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DJ Hero 2 360 Review

23/12/2010 Thinking Tired Gamer Review
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DJ Hero 2 360

DJ Hero 2




Further reading:
Wild Style

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Other GamePeople columnists have reviewed this from their perspective - huh?:
Scared Gamer (360)

when DJ Hero first found its way into my 360 last year, i felt pretty reluctant. as a true fan, the ongoing commercialisation of hip hop and the universalization of its style is a constant source of sadness.

what is more, from a music perspective, 'mashups' which seemed to be the main musical vehicle, were, already something of a tired phenomenon, and definitely one of those things that can be good when done well, but that will be super-lame if not.

similarly, as a legend in my eyes, i greeted Grandmaster Flash's role in the game with mixed emotions. on one hand it bode well for the music, but then his wacky, prancing avatar seemed a very long way from the iconic footage of a skinny kid playing records and changing the world in his kitchen in Wild Style.

the interface and general styling of the game did little to reassure (every surface covered in spray paint, every opportunity to project a 'street' vibe taken) - but i guess that sort of thing was only to be expected.

i was nicely surprised, however, that once i got playing, the game grew on me fairly quickly. in fact, soon enough i was hooked, and was cramping my hands and straining strange combinations of muscles as i furiously worked the plastic turntable in time to what was (mostly) a well conceived soundtrack.

given all this, when DJ Hero 2 came my way recently I couldn't wait to get it fired up and see if i still had 5-star hands. i decided that this time i'd call in a friend to help me, from the off, to put the game properly through its paces and shine the mini, pop-up deck light of experience all over its promises.

luckily, as well as a decent amount of experience on the 1s and 2s, i have the pleasure of being able to call one of the UK's best funk performers, producers, re-mixers and up-and-coming DJs a mate. as such, i sent a bat-signal in his direction, and very soon after was joined in the penthouse by none other than Adam Gibbons, a.k.a. Lack of Afro.

being a superstar DJ and real life funky gibbon(s), and having encountered but not really explored DJ Hero, LoA was in the perfect spot to give a relative outsider's perspective on things.

being a dexterous young man with mad coordination, he took to it like a charm, and within a few mixes he seemed like a convert to the concept.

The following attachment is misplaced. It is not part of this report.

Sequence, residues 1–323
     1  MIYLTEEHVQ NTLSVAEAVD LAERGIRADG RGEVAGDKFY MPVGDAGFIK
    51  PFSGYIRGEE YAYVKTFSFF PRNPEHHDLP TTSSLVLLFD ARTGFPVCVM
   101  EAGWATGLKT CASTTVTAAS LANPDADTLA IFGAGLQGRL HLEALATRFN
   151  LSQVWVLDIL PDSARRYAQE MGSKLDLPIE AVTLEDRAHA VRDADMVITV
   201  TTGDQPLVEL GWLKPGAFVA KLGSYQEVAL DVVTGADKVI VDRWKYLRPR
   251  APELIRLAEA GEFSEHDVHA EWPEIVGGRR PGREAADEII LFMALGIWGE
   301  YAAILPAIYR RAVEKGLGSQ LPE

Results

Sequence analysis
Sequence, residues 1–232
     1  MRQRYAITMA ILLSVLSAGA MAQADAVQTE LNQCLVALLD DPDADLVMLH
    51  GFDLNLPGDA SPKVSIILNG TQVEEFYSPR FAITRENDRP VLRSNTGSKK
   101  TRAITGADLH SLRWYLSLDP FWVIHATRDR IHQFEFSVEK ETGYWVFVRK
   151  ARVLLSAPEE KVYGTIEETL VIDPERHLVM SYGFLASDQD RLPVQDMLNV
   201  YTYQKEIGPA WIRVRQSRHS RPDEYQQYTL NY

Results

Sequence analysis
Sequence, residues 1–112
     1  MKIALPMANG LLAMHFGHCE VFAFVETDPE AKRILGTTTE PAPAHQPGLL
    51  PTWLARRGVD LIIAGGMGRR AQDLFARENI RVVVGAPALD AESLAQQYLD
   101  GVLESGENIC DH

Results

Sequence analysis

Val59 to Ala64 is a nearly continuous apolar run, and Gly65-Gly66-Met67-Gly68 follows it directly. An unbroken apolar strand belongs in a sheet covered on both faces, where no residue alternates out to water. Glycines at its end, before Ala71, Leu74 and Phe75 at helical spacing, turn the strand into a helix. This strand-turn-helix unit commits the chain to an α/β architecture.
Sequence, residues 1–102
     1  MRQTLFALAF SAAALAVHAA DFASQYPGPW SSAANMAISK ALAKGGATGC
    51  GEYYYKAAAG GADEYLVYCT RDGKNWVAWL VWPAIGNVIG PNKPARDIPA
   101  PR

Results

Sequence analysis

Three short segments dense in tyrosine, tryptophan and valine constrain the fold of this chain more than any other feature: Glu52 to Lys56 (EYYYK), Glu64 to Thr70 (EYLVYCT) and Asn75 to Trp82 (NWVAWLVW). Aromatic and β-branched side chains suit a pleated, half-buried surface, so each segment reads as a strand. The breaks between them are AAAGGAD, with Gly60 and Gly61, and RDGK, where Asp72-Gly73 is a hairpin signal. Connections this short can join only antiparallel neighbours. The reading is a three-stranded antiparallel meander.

we were both in favour of the new, stripped back, more subtle styling -- the menus actually look like menus from a video game and not snapshots from the opening moments of a gaudy, hip hop nightmare (in which a giant, evil-clown/Old Gregg version of KRS-One chases me out of an underground NY club and around Brooklyn Heights screaming "whoop-whoop, it's the sound of yo' never-shoulda-come-back ass gettin' whooped, fool".)

DJ Hero 2 has not just shuffled away from the excessively urban stylings of the first game, but has head in a much more mainstream direction altogether. in general, dance/pop culture has stepped in to fill hip hop's massive shoes -- and that's a step away from the good for my tastes.

the soundtrack is still well produced, but is now populated to a greater extent with offerings from the likes of Gaga, Calvin Harris, David Guetta & The Chemical Brothers. however, it's not all mainstream stuff - alongside Tiesto and deadmau5, mixes have been provided by A-Trak, Qbert and Shadow; and Q (along with deadmau5, Tiesto and RZA) is among several new playable characters.

having rocked the first DJ Hero to death, i initially took a step back and let LoA explore the single player Empire mode, getting him to describe his experience as he went. being a dexterous young man with mad coordination, he took to it like a charm, and within a few mixes he seemed like a convert to the concept.

by the end of his lengthy session, despite profound modesty, i could tell from his face when pressed, that his experience of working his way up to international fame was not that well reflected in the game's fairly weak attempts to model the progression from bedroom to mega-club.

in terms of gameplay, little has changed. it's the same ol' pleasing, plastic turntable based Simon Says that it used to be, although with a couple of new free-style features thrown in. given that the freestyle samples were, for my money, probably the worse element in the last game ("fresh, fresh, ffffresh" -- bored), i wasn't expecting much, and wasn't too challenged in that assumption.